2. Henry C. Montgomery. “Addison’s Cato and George Washington.” The Classical Journal 55 (1960), 210.

3. Gagarin, Ancient Greece and Rome, 2:62.

4. Montgomery, “Cato and Washington,” 210.

5. Because of the large number of documents to proofread for this volume, I’m unable to go into too much detail in the blog post about this letter. However, I look forward to readers seeing evidence of my proofreading work on this and other letters in the upcoming volume, Presidential Series volume 20.

Who’s That Guy?: Identifying an Unnamed Individual from Washington’s Correspondence

by Adrina Garbooshian-Huggins, Assistant Editor
May 17, 2017

An engraving of Ezra Lee (1916), from The Story of the Submarine by Farnham Bishop.

Identifying individuals mentioned in George Washington’s correspondence often poses an exciting challenge for the editors at The Washington Papers. When the only clue you have is a title or occupation (e.g., “quartermaster,” “painter”), it can prove even more challenging. I came across an example of this when coediting the forthcoming volume 26 of The Papers of George Washington, Revolutionary War Series, with Washington Papers associate editor Benjamin Huggins.

On May 13, 1780, Washington wrote to Jedediah Huntington (1743-1818),1 a Norwich, Conn., merchant who had been serving since May 1777 as a Continental brigadier general. In the letter, Washington advised that Brigadier General William Maxwell’s New Jersey brigade would soon relieve Huntington’s command. In addition, upon Maxwell’s arrival, Huntington was to march his Connecticut brigade, which had been on the army’s outpost lines since February 1780, to the army’s winter encampment at Jockey Hollow, southwest of Morristown, New Jersey. Washington further directed Huntington to “send up” his “Quarter Master” to prepare huts in the encampment for the reception of Huntington’s brigade.

In an effort to fully understand the document, I sought to identify the “Quarter Master” of Huntington’s brigade. I examined the muster rolls for the 1st Connecticut Regiment (which was part of Huntington’s brigade), and discovered that in the summer and fall of 1779, Ezra Lee (1749-1821), a lieutenant in that regiment, was listed on muster rolls as “Q.M.B.” and “B.Q.M.,” common abbreviations for brigade quartermaster.2 Lee’s position as brigade quartermaster also appeared on muster rolls for the entire year of 1780, indicating that he held the position when Washington penned his May 13, 1780, letter to Huntington.

When regimental and brigade quartermasters were on furlough, other officers sometimes would temporarily fulfill their duties. Due to such temporary reassignments, editors sometimes omit from annotation the identification of brigade majors and regimental quartermasters.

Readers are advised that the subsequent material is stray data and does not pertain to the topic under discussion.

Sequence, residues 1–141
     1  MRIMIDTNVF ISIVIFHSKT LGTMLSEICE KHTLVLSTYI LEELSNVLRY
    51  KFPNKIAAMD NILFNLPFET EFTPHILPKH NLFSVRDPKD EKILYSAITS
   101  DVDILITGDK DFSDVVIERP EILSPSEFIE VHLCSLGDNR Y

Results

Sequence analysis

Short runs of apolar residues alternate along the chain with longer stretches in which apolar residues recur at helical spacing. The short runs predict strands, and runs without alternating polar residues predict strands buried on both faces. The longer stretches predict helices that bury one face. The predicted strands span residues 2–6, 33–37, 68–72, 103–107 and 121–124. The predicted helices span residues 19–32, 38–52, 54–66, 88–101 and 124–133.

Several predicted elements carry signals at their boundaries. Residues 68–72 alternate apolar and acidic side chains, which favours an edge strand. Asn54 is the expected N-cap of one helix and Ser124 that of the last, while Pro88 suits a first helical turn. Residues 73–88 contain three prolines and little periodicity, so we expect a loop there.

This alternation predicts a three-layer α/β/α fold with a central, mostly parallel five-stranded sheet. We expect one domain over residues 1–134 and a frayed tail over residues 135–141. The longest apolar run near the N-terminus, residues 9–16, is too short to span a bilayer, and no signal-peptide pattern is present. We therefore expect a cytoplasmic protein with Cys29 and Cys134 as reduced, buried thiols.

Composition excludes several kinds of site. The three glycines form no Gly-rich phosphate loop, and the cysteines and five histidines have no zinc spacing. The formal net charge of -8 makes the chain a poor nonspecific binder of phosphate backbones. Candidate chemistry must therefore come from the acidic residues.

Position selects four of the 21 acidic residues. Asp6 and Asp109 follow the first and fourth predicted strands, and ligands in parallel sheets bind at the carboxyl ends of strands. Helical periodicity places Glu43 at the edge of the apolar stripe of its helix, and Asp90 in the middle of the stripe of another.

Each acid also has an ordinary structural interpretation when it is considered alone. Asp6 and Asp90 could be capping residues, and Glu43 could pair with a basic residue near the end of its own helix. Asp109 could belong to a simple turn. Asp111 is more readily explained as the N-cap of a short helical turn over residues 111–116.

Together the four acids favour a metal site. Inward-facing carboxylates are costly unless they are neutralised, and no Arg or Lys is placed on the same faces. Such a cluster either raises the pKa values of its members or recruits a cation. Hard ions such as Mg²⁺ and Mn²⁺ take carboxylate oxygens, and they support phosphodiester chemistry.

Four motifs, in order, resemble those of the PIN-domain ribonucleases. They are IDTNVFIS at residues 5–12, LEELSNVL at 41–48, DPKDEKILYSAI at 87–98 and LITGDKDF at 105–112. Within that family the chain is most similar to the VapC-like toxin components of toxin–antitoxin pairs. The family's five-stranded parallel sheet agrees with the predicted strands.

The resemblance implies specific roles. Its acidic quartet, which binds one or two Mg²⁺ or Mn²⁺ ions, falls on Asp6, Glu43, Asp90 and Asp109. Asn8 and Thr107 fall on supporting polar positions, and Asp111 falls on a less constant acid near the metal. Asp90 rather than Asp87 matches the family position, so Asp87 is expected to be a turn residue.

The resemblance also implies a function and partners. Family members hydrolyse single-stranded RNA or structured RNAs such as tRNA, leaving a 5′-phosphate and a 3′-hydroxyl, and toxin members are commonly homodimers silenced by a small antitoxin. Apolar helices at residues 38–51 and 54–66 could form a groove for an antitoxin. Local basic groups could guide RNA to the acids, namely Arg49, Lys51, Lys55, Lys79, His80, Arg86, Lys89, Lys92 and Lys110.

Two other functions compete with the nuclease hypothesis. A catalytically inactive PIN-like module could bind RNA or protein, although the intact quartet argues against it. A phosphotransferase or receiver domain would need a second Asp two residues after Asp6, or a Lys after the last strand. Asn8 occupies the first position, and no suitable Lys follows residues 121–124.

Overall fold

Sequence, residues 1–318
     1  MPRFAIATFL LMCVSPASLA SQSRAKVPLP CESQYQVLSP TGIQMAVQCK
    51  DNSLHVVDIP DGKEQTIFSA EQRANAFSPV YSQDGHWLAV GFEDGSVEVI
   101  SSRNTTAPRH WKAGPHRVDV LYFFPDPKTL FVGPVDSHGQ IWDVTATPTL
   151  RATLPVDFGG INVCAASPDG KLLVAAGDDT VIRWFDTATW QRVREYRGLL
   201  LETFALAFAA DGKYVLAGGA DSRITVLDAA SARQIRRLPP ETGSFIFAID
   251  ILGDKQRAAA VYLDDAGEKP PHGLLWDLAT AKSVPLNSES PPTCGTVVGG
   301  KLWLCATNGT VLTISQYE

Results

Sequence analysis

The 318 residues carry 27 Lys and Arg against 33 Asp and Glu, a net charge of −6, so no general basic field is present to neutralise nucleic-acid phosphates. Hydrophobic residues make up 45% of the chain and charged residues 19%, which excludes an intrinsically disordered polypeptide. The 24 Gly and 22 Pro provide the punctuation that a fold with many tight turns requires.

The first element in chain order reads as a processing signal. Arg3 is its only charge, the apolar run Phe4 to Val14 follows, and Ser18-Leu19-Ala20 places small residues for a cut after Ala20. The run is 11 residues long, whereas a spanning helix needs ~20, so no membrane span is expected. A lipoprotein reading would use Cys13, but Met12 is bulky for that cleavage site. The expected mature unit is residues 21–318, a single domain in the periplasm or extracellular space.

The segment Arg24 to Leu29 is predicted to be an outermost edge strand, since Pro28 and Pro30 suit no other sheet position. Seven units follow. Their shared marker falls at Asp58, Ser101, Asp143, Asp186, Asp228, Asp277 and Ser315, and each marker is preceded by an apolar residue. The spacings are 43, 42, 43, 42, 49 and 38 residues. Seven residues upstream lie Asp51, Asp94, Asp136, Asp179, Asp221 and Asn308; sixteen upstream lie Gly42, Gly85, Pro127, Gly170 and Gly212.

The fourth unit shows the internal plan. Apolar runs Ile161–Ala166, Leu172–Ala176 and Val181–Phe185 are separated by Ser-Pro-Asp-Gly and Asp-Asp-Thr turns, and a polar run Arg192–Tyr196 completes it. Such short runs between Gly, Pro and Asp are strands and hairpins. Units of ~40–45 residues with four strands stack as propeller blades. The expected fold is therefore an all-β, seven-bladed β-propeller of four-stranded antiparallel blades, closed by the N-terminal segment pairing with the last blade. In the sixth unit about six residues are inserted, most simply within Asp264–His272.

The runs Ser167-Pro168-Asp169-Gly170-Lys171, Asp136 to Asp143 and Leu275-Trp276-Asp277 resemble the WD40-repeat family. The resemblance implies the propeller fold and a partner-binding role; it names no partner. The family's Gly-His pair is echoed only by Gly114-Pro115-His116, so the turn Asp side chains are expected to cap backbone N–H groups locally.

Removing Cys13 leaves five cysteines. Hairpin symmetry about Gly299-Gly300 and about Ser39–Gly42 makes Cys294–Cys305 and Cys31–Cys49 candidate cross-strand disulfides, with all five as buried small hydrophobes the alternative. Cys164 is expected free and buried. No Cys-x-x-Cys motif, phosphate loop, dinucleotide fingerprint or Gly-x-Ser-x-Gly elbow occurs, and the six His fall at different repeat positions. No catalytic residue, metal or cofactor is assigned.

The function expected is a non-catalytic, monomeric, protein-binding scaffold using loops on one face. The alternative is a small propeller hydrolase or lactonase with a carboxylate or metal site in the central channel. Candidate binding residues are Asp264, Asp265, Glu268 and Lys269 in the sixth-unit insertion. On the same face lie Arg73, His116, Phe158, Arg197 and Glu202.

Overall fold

Prior to being named brigade quartermaster, Lee had been contributing to the war effort through military service since 1775. A native of Lyme, Conn., Lee served in Lieutenant Lee Lay’s company of Connecticut state troops in 1775 and entered the Continental ranks as a sergeant in January 1776. In the summer of that year, Brigadier General Samuel Holden Parsons chose Lee to operate David Bushnell’s famous submarine Turtle, aboard which Lee conducted tests and made an attempt against enemy vessels off Governors Island, New York.3 Lee later served as an ensign and then lieutenant in the 1st Connecticut Regiment, and in November 1778 was appointed that regiment’s quartermaster.  He transferred to the 5th Connecticut Regiment in 1781 and served as its paymaster before retiring from the army in June 1782.4

Notes

1. Draft, in Robert Hanson Harrison’s writing, Library of Congress, George Washington’s Papers.

2. National Archives: Record Group 93, Compiled Revolutionary War Military Service Records, 1775–1783.

3. William Bell Clark et al., eds. Naval Documents of the American Revolution, 11 vols. to date (Washington, D.C., 1964–), 6:736, 1499, 1507-11; The New-York Evening Post, Nov. 16, 1821.

4. GW to John Jay, Sept. 19-20, 1779, in The Papers of George Washington, Revolutionary War Series, 22:458-59; Francis B. Heitman, Historical Register of Officers of the Continental Army during the War of the Revolution, April, 1775, to December, 1783, Rev. ed. (Washington, D.C., 1914), 345.

 

 

Standing on the Shoulders of Giants (III): Louise Phelps Kellogg (1862-1942)

by William M. Ferraro, Managing Editor
March 31, 2017

No former editor has eased my research burdens more than Louise Phelps Kellogg, who built a remarkable career as a historian during the first decades of the twentieth century. Her work informs some of the most consistently challenging letters sent to George Washington: those from Colonel Daniel Brodhead, who commanded the western department from Fort Pitt during the Revolutionary War’s middle years. What makes Brodhead’s missives so problematic is that they cover a vast swath of frontier that ranges west across present-day Ohio to the upper Mississippi River Valley, north to Detroit, and east to the Appalachians, extending south into what is now West Virginia. Kellogg’s annotations in four documentary volumes cover an astounding percentage of obscure geographic and event references in Brodhead’s correspondence.1

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The Simplicities and Intricacies of Indexing

By William M. Ferraro, Managing Editor
February 2, 2017